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Estimated Effects of Disinfection By-products on Birth Weight in a Population Served by a Single Water Utility

  • Author(s): Lewis, C.
  • Suffet, I. H.
  • Ritz, B.
  • et al.
Abstract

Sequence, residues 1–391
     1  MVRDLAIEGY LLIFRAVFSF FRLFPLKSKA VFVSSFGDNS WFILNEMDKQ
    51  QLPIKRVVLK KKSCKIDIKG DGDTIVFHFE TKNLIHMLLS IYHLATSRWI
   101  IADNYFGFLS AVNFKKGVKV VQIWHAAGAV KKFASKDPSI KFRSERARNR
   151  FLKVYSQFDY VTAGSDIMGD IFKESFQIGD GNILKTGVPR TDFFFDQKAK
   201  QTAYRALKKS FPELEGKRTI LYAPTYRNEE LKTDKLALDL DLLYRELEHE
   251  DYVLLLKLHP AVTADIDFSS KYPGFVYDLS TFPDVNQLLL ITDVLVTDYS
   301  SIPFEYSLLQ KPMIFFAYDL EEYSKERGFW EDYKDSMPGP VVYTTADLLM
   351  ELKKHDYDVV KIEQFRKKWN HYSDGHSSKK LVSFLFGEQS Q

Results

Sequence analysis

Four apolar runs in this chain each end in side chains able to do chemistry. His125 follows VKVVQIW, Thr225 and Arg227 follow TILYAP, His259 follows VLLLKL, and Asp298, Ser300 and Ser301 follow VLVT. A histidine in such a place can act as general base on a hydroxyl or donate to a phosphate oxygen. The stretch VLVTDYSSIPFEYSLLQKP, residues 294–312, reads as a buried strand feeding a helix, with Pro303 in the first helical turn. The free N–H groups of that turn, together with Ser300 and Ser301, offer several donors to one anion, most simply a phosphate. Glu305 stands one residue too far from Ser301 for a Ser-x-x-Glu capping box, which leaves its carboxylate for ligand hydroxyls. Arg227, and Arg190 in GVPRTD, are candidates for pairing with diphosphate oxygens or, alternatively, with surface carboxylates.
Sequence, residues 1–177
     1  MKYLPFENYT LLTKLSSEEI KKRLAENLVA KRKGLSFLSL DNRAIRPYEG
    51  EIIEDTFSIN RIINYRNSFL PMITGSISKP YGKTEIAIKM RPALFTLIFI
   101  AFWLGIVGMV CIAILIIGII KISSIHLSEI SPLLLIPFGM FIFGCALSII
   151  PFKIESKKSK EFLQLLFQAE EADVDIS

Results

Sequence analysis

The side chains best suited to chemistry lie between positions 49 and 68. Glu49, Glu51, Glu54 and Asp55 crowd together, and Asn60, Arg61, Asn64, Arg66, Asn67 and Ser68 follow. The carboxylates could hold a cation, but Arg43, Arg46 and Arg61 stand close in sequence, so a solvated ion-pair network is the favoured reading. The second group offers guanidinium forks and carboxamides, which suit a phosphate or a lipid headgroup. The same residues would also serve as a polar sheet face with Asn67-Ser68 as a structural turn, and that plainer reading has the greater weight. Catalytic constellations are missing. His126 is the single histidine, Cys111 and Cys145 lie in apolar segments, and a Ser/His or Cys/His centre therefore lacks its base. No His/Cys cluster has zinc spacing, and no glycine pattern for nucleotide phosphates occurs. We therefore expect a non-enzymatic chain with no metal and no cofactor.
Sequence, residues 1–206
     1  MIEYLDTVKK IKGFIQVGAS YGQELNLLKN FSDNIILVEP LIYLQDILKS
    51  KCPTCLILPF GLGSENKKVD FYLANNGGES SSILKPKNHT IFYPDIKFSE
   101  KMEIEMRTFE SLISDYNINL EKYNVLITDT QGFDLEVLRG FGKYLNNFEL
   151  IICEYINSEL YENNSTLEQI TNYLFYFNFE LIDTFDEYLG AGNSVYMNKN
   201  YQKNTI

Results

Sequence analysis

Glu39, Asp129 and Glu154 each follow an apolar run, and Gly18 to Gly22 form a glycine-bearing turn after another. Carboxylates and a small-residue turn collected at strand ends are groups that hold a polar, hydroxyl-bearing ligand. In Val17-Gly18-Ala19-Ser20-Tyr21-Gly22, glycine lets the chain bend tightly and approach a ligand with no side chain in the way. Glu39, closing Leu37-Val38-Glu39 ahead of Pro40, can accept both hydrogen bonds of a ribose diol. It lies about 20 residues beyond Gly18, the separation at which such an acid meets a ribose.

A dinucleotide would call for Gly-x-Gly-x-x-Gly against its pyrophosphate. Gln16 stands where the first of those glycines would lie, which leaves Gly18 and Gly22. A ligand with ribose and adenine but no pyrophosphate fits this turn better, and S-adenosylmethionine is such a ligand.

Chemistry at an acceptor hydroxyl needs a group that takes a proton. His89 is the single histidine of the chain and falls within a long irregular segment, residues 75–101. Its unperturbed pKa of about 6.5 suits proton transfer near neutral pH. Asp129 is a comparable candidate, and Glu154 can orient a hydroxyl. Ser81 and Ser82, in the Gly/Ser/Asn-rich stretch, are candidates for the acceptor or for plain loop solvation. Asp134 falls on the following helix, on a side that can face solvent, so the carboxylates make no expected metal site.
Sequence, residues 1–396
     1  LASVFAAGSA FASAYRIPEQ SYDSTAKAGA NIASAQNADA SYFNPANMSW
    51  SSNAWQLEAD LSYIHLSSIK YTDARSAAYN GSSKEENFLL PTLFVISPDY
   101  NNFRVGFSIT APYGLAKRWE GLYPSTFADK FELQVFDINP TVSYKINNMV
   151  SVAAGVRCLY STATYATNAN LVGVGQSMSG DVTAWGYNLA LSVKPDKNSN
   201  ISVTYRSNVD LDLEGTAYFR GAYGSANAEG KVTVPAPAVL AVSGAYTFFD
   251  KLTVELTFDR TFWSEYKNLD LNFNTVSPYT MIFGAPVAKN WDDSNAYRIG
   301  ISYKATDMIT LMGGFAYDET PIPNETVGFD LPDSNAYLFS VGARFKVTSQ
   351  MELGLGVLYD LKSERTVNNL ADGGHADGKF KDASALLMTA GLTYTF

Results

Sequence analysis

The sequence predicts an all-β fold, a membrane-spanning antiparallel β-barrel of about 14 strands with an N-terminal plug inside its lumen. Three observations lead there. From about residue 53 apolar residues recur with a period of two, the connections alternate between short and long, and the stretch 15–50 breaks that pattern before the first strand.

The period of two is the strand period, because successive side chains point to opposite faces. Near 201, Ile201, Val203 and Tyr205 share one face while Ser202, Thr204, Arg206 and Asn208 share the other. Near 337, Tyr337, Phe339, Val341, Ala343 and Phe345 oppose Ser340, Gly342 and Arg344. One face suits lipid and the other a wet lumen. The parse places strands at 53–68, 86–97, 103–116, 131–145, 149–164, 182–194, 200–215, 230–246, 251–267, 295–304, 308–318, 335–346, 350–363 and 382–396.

Research has suggested that trihalomethane exposures during pregnancy might impair fetal growth. Most epidemiologic studies, however, relied on relatively crude exposure assessment methods and did not examine racial/ethnic subgroups. During 1999–2001, vital records data were obtained for a large, racially diverse population residing in 27 Massachusetts communities that received drinking water from a single public utility. The water system was monitored weekly for trihalomethanes and, system-wide, it maintained geographically stable total trihalomethane levels during the study period. The authors examined the effects of trimester-specific and pregnancy average exposures to total trihalomethane in drinking water on term low birth weight in all singleton births. A high average total trihalomethane exposure (70 µg/liter) during the second trimester increased the risk of term low birth weight (odds ratio = 1.50, 95% confidence interval (CI): 1.07, 2.10). The estimated risk increase for Caucasians during the second trimester was 37% (95% CI: 0.80, 2.36), while for all minority women combined (i.e., African Americans, Hispanics, and Asians) it was 60% (95% CI: 1.03, 2.47). The study data suggest that high levels (70 µg/liter) of trihalomethanes experienced during the second trimester and pregnancy overall may affect fetal growth.

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